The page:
London's parks are becoming over-run by a menacing, multi-coloured, mobile eyesore. No, I am not referring to John Major's beggars, but to that worrying new craze, roller-blading.

It now seems that London's ex-joggers, misfits, Antipodean imports and cardio-vascular performance victims have found a common goal: to weave backwards at high speed through the tourists, families and couples for whom these green spaces were originally intended.

Joy-riding on eight in-line wheels is, surprisingly, a 19th century

invention. However, it is only in the past seven or eight years that the manic twenty-something ex-jogging fraternity have taken it up with a


Today's Day-glo fanatics with their sleeveless T-shirts, sports Walkmans, leather braces and baseball caps do not belong to the sport's ancient tradition, but to that of Central Park.

These tanned tyrants are spreading faster than Dutch elm disease through Regent's Park, Hyde Park and even Kensington Gardens.

Trafalgar Square occasionally res-embles a roller-blade disco, while the odd stray blader can be found

carving his way through London's traffic. I only hope roller-blade despatch riders don't evolve from the Lycra-crazed gene pool.

Whereas jogging at least provides entertainment to anyone like me who delights in thetre d'absurd and has a good capacity for Schadenfreude, bladers are like dumb mutants from a second-rate sci-fi movie. Travelling backwards, perpetually looking for the pod from whence they sprouted on some

dismal day, their mission is to drive the human race from any open space with a concrete runway.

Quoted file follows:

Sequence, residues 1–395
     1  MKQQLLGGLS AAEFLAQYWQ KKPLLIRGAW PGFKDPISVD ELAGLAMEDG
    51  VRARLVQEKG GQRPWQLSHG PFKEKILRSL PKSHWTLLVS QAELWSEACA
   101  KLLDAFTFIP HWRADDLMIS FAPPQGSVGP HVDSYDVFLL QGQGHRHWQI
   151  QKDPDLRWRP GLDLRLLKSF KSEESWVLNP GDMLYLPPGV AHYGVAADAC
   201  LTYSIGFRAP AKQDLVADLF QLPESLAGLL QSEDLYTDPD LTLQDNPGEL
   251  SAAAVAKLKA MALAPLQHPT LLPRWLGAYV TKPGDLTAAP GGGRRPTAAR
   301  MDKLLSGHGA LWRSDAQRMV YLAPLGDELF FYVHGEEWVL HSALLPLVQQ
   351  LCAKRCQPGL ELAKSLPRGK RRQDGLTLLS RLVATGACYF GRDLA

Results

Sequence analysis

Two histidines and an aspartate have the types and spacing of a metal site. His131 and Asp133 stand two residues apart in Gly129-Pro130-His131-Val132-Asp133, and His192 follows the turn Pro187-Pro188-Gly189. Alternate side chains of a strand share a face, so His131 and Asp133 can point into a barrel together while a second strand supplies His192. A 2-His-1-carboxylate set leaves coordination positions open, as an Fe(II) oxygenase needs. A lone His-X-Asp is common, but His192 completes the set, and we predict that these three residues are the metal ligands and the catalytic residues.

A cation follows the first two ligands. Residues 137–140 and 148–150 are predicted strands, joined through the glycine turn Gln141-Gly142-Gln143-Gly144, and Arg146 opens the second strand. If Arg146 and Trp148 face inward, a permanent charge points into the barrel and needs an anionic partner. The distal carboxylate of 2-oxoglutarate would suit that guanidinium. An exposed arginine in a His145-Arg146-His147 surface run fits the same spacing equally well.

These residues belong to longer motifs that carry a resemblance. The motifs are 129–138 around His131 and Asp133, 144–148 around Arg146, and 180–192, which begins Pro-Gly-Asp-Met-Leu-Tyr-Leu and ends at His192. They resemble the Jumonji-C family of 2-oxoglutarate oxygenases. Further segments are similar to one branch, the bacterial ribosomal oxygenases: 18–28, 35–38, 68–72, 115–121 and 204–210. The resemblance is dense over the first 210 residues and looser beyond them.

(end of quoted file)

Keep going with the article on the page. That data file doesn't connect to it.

Unfortunately, unlike those teenage fads for skateboards or Bros,

roller-blading is mainly an adult preserve. It won't just skate off into the sunset. One well-known London shop sells more than 75 pairs a week (average cost pounds 100) and informs me that the world championships are happening in Scotland in July with pounds 5,000 for the winner.

It is as addictive as crack, convincing its believers on the first fix that they are really cool and better than anyone else. But just like drugs it is very, very easy to do. Remember this when some prancing poseur cuts a perfect circle right in your face. You could do it, your grandmother could do it, Billy Goat Gruff could do it.

On an individual level, there seems little you can do to wipe that 'Hey, look at me, I'm great]' smug smile off a passing blader's face. You could write to your MP but, doubtless, the cancer is spreading through the corridors of West-


Apart from stringing chicken wire from appropriate park fixtures, the only solution would appear to be a 'reclaim the parks' vigil. This would involve those for whom the parks were originally in-tended calmly sitting cross-legged on our once-safe paths and poking sticks through the wheels of any

passing blader.

There should be a satisfying number of bloody knees and grazed hands to show for it.